School-plus-Home Gardens Project to initiate scaling out activity

  • By Carmen Nyhria G. Rogel
  • 16 July 2020, Thursday

Schools are recognized as excellent setting for promoting lifelong healthy eating and improving long-term, sustainable nutrition security. They play a vital role in the effort to overcome malnutrition and hunger among children, and school gardens are simple yet effective ways of improving nutrition and education of children and their families.

School-plus-Home Gardens Project to initiate scaling out activity

It is in this context that the "Participatory Action Research on School and Community-Based Food and Nutrition Program for Literacy, Poverty Reduction and Sustainable Development," also known as the School plus Home Gardens Project (S+HGP), was implemented in six schools in Laguna, Philippines in 2016 to 2017. It aimed to improve nutrition, education, and economic well-being of children and to support the Gulayan sa Paaralan and the School-based Feeding Programs of the Department of Education of the Philippines (DepEd). Through partnerships with one secondary and five elementary schools, the Southeast Asian Regional Center for Graduate Study and Research in Agriculture (SEARCA), the University of the Philippines Los Baños (UPLB), and DepEd Laguna Provincial Office effectively achieved the objectives of project. Over time, there has been increasing adoption both at school and homestead levels.

School-plus-Home Gardens Project to initiate scaling out activity

This success was highlighted in the SEARCA Online Learning and Virtual Engagement (SOLVE) Webinar Series, which highlights actions that realize SEARCA's vision on agricultural and rural development. The S+HGP was featured on 20 and 27 May 2020, as an avenue towards addressing food insecurity in the time of COVID-19. Responses to a rapid online survey on the perceptions of parents and teachers of the gains and opportunities of the S+HGP, which was conducted in the third week of April 2020, were presented. Results show that the main benefit from having a School Garden is the additional supply of food, with school learners and communities as primary beneficiaries and an increase in the number of beneficiaries of School Based Feeding Program from the past two years. Results also show that by gender, women recognize the contributions of Home Gardens on education and environment other than just as additional sources of food supply and as contributor to providing the family's nutritional needs.

In terms of support and contribution during this time of pandemic, the top three responses for school gardens were as sources of food supply (58%), economic benefit (25%), and recreation (11%). Home gardens were likewise perceived as sources of food supply (43%) and of economic benefit (39%). A far third at 7% was that home gardens provided support through any two or three among food supply, economic, nutrition, environmental, education, and recreation.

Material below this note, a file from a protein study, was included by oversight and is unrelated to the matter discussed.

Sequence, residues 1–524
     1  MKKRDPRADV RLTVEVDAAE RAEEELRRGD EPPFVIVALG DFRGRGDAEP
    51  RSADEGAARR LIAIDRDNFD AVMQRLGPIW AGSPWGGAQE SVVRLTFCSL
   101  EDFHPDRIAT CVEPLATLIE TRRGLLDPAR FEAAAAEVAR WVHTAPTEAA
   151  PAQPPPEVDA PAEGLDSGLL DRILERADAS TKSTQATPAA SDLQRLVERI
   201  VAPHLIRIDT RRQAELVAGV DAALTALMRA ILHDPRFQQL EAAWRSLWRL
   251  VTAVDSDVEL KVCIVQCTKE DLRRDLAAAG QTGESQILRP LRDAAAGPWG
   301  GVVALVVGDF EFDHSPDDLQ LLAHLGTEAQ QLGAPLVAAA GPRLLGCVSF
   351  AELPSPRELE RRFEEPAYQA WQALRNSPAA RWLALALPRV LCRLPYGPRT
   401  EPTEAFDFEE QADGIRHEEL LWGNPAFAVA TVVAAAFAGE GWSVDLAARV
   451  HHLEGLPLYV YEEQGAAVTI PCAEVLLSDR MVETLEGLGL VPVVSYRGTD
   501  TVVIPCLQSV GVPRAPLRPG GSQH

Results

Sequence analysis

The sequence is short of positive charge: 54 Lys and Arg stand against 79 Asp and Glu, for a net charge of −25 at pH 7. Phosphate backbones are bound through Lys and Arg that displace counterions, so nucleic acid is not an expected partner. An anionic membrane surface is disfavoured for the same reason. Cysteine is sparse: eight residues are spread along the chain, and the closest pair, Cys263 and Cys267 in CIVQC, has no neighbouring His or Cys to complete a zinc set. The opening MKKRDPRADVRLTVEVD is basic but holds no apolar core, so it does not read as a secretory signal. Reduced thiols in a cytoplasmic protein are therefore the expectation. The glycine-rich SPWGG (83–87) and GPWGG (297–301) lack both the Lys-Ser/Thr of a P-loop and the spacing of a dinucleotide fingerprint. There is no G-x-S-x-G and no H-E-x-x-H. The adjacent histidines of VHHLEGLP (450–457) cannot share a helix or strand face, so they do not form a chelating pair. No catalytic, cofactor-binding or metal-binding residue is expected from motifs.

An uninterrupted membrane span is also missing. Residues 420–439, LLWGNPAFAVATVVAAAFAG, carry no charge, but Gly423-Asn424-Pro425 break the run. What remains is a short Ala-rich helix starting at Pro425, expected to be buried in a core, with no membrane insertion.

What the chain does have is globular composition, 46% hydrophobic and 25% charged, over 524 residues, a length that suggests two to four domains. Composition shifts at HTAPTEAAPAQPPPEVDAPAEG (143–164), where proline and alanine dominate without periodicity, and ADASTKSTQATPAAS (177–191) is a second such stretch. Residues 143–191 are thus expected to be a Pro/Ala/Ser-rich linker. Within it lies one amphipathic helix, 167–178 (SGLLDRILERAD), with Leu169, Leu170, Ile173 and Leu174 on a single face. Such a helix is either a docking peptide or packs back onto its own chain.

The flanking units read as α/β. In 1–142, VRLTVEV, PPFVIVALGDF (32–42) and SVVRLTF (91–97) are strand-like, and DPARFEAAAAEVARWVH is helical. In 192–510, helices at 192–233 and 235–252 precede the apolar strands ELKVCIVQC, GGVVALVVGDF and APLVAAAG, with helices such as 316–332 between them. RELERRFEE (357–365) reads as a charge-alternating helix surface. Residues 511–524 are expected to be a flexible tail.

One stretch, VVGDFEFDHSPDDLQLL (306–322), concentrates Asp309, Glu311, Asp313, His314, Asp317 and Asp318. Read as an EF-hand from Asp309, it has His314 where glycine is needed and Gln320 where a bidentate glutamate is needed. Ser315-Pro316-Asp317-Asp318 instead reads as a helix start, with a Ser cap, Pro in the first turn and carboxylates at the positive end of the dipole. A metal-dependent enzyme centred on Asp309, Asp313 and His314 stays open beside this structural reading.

SEARCA's commitment to replicate these benefits and positive results from the S+HGP to other parts of the Philippines, particularly those with high malnutrition rates and inadequate food security, is shared by UPLB and Kansas State University (KU), leading to their collaboration. An initial activity towards this end is the E-training on School plus Home Gardens cum Biodiversity Enhancement (SHGBE) for Busuanga Island, to be conducted via the meeting platform Zoom every Thursday from 16 July to 3 September 2020, 8:00 a.m. to 12:00 p.m. Invited participants include officials, teachers, and parent representatives from the Coastal and Inland School Districts of the Department of Education (DepEd) Palawan, representatives of local government units of Coron and Busuanga, Palawan, and private organizations from these municipalities.

The online training, endorsed by the Department of Education (DepEd), aims to share and discuss experiences, initiatives, and good practices for implementing SHGBE or similar activities; enable participants to explain key elements of food and nutrition, sustainable development goals, organic agriculture, biodiversity, and edible landscaping for integration in the SHGBE and their links to income and character development; allow them to describe the process and requirements of designing, establishing, and maintaining edible organic school gardens; biodiversity enhancing landscaping, and the involvement of students, teachers, parents and local institutions to support, scale up, and disseminate information about SHGBE; enhance knowledge on the steps in preparing sample learning lesson or teacher's logs; and equip teachers with materials that can be used for complementing SHGBE integration in the curriculum. Ultimately, the e-training aims to contribute to improving the nutritional status of school children and to the food security of Busuanga Island.

An activity towards the end of this training is the development of an action plan towards the establishment/implementation of school plus home gardens suited to the context of Busuanga Island.